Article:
Posted in YLibrary | 2 Comments


  1. Loving the always-in-beta librarian
    I think it will be a while before we change the concept of libraries being a “book warehouse” however the more libraries talk about what they do the more likely we can change perceptions.
    Great article, thanks Michael

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The role of libraries in the future by Ellen Forsyth

Thinking about the role of libraries in the future means thinking both about a location based library (a building) and a library which is also wherever you are (because you can access it online or in many places).  Library services are a combination of these elements.  A good library building is important and so is impressive mobile access to library collections, services and skilled staff.  A library can potentially be wherever any of us are if we can access the services, collections and staff expertise of the library in a similar way to which we can when we are in the library building.  With all planning about libraries for the future we need to think about how people not in the library can have an exciting and interactive experience.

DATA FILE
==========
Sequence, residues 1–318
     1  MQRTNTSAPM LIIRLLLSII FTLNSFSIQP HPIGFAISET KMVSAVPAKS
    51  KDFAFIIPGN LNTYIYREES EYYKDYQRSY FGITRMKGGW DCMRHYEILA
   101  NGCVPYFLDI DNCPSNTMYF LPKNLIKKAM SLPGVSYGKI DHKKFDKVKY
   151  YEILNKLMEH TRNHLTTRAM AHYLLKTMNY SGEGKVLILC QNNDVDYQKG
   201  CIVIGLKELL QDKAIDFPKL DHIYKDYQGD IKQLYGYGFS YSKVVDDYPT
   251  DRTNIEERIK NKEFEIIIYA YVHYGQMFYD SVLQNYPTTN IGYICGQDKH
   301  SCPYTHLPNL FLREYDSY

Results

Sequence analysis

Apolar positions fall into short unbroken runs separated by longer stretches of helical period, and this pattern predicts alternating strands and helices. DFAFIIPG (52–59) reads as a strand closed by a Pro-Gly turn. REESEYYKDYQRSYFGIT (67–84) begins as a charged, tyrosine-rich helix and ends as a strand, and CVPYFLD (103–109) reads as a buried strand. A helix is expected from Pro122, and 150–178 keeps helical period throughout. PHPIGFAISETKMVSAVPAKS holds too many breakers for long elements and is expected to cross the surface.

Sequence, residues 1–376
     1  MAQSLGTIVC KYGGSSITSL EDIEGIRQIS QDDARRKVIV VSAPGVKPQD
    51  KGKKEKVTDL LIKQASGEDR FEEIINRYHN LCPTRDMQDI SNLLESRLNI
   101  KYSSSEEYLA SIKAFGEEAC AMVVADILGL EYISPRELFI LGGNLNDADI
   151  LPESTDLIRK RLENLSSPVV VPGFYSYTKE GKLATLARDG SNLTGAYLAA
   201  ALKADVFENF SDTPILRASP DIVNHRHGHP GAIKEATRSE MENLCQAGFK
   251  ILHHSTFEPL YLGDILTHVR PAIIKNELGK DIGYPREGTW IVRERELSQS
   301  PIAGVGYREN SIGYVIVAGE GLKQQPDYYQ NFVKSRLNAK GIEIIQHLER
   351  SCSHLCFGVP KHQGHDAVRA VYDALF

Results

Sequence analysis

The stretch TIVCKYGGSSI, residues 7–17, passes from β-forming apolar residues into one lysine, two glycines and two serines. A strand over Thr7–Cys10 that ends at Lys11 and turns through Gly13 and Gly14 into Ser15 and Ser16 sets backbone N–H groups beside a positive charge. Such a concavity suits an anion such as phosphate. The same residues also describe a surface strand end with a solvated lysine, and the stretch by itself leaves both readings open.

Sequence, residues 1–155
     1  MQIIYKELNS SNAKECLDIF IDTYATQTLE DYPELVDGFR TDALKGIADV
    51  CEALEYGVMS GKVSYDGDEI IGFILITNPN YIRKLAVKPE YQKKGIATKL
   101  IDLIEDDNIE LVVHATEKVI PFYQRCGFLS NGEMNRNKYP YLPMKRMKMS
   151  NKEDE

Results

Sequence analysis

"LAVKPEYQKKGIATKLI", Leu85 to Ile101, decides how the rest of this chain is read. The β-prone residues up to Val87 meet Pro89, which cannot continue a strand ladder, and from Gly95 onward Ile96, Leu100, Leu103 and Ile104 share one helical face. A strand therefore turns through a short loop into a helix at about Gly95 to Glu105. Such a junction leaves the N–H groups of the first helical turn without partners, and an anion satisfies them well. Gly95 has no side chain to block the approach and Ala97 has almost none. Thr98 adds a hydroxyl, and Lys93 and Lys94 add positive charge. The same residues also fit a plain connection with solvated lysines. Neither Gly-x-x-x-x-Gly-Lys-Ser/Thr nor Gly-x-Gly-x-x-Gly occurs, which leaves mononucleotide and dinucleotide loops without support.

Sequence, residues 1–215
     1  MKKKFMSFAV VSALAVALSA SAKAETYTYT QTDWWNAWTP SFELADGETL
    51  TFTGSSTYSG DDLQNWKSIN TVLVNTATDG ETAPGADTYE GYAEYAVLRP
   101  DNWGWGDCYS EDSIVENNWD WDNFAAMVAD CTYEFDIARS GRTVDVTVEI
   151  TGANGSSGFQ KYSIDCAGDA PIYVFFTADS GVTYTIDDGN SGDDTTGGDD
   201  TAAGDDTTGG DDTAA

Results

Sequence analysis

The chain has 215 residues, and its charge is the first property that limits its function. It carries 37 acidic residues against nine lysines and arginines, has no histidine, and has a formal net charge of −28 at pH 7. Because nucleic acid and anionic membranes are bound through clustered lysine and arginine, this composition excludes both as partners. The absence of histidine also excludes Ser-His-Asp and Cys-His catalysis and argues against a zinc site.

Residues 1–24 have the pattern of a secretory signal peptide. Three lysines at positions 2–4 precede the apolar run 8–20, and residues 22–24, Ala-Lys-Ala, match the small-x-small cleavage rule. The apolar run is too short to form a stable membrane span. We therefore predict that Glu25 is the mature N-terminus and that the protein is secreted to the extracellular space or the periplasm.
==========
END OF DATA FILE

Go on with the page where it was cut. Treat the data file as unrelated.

Library buildings are still critical as there are many things which are best done in these spaces, and they bring a broad range of the community together..